Oh, and he plays a pretty mean centerfield too.

(scores from second on a sac fly at 2:05)

Falling Like Dominoes

After a week in which a slew of current Penn State players decided to move on, now a prominent member of the talented 2013 recruiting class has de-committed. His name is William Fuller. I'm hoping against hope that he is not the first domino in a chain reaction.

For those of you unfamiliar with William Fuller, he is a three-star WR recruit out of Roman Catholic High School in Philadelphia. On Sunday, he switched his commitment to Notre Dame.

I have to be honest and vent just a little bit here. This de-commit has me irked a bit more than the others. The reason for that is this: A week before his decision to switch to Notre Dame, Fuller visited Penn State and following said visit he tweeted, "Great time at Penn State! Coach O'Brien made me remember why I committed in the 1st place. I'm 100% committed to the greatest college." (Italics added by me.)

I'm sure this was a difficult decision for him, and I know that he has to think about what is best for him and his future here, but don't sit there and tell me you are "100% committed" and then less than a week later switch to a different school. Again, I understand you feel like this is the best thing for you, and I can respect that. What I can't respect is lying to everyone. If you had doubts and were still considering transferring, you could have simply said something to the effect of, "Great time at Penn State. Love coach O'Brien. Got some thinking to do."

Perhaps part of this can be blamed on youth — 17- and 18-year-olds do and say things without thinking too much about the future or the effect of their actions. And part of it can be blamed on social media, where everyone has the opportunity to put all their thoughts on the internet for everyone to see, again without considering the effect. I mean people post dumb shit on Facebook and Twitter all the time.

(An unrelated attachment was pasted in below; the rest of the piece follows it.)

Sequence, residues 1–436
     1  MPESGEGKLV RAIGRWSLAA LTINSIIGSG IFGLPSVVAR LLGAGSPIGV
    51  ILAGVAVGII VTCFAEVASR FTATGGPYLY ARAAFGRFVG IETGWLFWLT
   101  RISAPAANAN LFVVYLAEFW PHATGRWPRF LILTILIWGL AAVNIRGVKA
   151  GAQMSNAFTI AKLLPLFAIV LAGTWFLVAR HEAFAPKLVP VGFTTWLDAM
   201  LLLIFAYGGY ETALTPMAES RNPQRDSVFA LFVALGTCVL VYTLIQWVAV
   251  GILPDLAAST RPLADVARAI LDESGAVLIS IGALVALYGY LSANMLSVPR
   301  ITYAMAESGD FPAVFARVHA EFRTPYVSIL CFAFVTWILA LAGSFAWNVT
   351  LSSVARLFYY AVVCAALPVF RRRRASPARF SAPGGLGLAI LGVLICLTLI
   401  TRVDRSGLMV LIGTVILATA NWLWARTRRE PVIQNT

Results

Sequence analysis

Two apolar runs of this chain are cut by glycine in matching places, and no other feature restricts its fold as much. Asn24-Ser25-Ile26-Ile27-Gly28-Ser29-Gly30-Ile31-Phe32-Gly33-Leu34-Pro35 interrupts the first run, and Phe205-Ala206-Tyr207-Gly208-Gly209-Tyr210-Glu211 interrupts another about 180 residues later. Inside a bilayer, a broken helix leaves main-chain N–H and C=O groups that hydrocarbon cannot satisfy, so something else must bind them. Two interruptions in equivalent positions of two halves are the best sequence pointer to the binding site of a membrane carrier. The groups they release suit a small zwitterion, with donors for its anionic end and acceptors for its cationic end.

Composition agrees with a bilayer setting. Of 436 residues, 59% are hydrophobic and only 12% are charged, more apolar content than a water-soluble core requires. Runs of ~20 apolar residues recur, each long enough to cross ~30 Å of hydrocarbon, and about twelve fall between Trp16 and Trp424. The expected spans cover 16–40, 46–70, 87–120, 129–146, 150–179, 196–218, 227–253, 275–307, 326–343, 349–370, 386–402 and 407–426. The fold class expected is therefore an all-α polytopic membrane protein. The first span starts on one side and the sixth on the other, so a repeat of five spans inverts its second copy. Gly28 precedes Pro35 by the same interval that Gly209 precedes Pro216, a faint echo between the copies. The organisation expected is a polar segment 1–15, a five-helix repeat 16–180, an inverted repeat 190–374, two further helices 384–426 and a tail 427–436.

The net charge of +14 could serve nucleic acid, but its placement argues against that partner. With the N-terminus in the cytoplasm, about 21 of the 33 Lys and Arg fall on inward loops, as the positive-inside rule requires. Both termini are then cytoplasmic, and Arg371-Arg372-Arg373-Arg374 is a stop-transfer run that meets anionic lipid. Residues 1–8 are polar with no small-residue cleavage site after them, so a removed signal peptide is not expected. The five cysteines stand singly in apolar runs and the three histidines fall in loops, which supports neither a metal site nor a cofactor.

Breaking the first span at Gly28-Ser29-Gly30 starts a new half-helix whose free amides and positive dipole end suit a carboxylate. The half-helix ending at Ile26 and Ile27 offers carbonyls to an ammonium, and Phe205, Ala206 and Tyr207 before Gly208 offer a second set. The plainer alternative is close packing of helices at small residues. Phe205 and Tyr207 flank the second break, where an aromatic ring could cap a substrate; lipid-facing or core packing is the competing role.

Yes, as someone who loves Penn State and Penn State football, every de-commit stings. But as I mentioned in my brief thoughts on Silas Redd leaving, I can look at the situation rationally and understand that these kids have to make the decision they feel is best for them, and I can put my fandom to the side and respect and accept that. But if you're gonna leave, or if you're thinking about, just be straight about it.

A few other PSU notes: Another 2013 recruit, LB Zach Bradshaw, has reportedly de-committed; 2013 recruits Adam Breneman (TE) and Brandon Bell (LB) will reportedly be on campus over the next few days. Why? Nobody knows, but it doesn't sound good. They are dropping like flies. And to end on a somewhat positive note, #1 QB recruit Christian Hackenberg reiterated his commitment to Penn State last night on the school philly's radio show.

Pulling for Andy Reid